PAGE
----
Visionaries like Dr. Barlow and Dr. Tepas have made a difference in the lives of innumerable children and families as they have forged new frontiers in pediatric trauma care and injury prevention. They did not choose this path because it was easy, but because it was hard, and because they it was one they were unwilling to postpone. After 25 years their work has accomplished a great deal, but there is still much to be done. And the Injury Free Coalition for Kids® continues to accept this challenge, knowing it is not easy, but that it is hard. Because our goal is not the “moon,” but for our children to leave in a world that is Injury Free.
Availability of data and materials
Durkin MS, Davidson LL, Kuhn L, O’Connor P, Barlow B. Low-income neighborhoods and the risk of severe pediatric injury: a small- area analysis in northern Manhattan. Am J Public Health. 1994;84(4):587–92. https://doi.org/10.2105/AJPH.84.4.587.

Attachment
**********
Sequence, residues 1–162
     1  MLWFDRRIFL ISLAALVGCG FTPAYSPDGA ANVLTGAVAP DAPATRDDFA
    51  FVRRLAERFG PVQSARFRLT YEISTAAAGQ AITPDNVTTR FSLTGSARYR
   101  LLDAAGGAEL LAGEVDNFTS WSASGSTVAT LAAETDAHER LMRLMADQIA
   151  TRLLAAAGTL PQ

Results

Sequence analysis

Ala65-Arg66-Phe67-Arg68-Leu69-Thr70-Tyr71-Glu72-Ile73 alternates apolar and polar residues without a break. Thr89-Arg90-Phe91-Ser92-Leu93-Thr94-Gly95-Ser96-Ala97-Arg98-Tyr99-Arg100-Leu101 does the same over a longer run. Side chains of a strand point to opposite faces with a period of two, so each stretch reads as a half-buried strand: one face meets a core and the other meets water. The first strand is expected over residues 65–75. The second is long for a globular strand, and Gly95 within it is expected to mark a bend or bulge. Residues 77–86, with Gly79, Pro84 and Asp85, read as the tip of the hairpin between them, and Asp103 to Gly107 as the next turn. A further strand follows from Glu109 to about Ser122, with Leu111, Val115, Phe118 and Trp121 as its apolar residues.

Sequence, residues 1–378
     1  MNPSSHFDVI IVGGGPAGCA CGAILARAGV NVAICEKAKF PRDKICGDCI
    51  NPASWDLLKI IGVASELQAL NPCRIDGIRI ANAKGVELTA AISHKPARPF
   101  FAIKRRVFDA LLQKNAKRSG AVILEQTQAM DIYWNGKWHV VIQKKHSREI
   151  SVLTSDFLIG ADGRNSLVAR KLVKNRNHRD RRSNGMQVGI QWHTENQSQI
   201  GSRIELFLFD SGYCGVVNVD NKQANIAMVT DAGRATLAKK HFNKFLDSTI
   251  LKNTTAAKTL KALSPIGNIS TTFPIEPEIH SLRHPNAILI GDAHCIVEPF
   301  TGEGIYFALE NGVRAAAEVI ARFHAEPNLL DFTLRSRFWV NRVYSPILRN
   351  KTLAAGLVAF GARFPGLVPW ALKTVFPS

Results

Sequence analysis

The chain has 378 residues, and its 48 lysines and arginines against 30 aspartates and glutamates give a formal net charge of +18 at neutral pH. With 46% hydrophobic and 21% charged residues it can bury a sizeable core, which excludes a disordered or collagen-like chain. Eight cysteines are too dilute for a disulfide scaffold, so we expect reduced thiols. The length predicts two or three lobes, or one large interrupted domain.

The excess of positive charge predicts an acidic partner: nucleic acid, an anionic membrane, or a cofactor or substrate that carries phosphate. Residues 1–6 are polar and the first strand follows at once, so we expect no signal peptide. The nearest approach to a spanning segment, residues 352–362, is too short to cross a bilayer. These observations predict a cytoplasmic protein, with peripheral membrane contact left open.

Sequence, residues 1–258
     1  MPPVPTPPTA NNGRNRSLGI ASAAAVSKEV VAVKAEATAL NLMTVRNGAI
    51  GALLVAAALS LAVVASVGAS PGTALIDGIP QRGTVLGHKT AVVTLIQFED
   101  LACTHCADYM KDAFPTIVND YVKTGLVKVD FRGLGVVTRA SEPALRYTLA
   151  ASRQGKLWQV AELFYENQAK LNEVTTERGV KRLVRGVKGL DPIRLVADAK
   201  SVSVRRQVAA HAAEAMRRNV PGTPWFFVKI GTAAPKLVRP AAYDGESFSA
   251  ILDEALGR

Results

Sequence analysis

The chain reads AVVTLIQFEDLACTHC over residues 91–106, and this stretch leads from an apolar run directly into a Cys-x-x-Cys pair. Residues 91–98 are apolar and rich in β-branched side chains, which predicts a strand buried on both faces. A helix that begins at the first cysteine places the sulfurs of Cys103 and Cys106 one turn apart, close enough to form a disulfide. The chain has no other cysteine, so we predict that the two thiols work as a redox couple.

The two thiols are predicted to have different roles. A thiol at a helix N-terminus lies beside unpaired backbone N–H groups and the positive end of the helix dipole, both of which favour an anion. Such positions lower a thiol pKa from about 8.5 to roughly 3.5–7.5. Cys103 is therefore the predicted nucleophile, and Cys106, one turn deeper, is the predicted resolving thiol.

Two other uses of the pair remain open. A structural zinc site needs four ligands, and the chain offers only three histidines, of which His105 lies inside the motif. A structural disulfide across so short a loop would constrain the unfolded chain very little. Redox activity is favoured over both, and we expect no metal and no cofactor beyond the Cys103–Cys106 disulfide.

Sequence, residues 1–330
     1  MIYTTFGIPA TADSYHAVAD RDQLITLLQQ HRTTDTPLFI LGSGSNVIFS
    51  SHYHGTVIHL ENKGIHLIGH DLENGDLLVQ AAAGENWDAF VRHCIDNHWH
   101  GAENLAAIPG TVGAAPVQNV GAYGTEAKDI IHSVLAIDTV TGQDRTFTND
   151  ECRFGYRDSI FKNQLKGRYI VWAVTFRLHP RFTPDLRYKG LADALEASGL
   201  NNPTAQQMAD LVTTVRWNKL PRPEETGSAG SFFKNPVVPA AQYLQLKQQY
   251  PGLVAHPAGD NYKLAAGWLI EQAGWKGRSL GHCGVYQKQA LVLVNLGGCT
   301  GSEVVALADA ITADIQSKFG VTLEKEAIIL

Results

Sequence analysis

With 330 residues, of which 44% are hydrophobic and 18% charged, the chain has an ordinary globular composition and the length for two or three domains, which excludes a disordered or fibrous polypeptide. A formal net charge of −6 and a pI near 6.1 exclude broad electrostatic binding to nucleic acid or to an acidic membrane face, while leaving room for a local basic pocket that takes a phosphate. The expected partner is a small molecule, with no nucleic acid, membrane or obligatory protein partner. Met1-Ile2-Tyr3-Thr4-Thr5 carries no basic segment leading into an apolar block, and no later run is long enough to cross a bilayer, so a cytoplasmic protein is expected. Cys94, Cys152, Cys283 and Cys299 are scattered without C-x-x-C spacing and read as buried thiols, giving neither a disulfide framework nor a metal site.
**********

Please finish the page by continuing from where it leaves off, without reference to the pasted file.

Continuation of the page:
Laraque D, Barlow B, Durkin M, Heagarty M. Injury prevention in an urban setting: challenges and successes. Bull N Y Acad Med. 1995;72(1):16–30 EBSCOhost.
Pressley JC, Barlow B, Durkin M, Jacko SA, Dominguez DR, Johnson L. A national program for injury prevention in children and adolescents: the injury free coalition for kids. J Urban Health. 2005;82(3):389–402. https://doi.org/10.1093/jurban/jti078.
About this supplement
This article has been published as part of Injury Epidemiology Volume 7 Supplement 1, 2020: Proceedings from the 24th Annual Injury Free Coalition for Kids® Conference: Forging New Frontiers: Motor Vehicle Safety for All Ages. The full contents of the supplement are available online at https://injepijournal.biomedcentral.com/articles/supplements/volume-7-supplement-1.
Publication of this article was funded by the Injury Free Coalition for Kids®.
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Lee, L.K. Celebrating a quarter century of the Injury Free Coalition for Kids®. Inj. Epidemiol. 7, 29 (2020). https://doi.org/10.1186/s40621-020-00248-z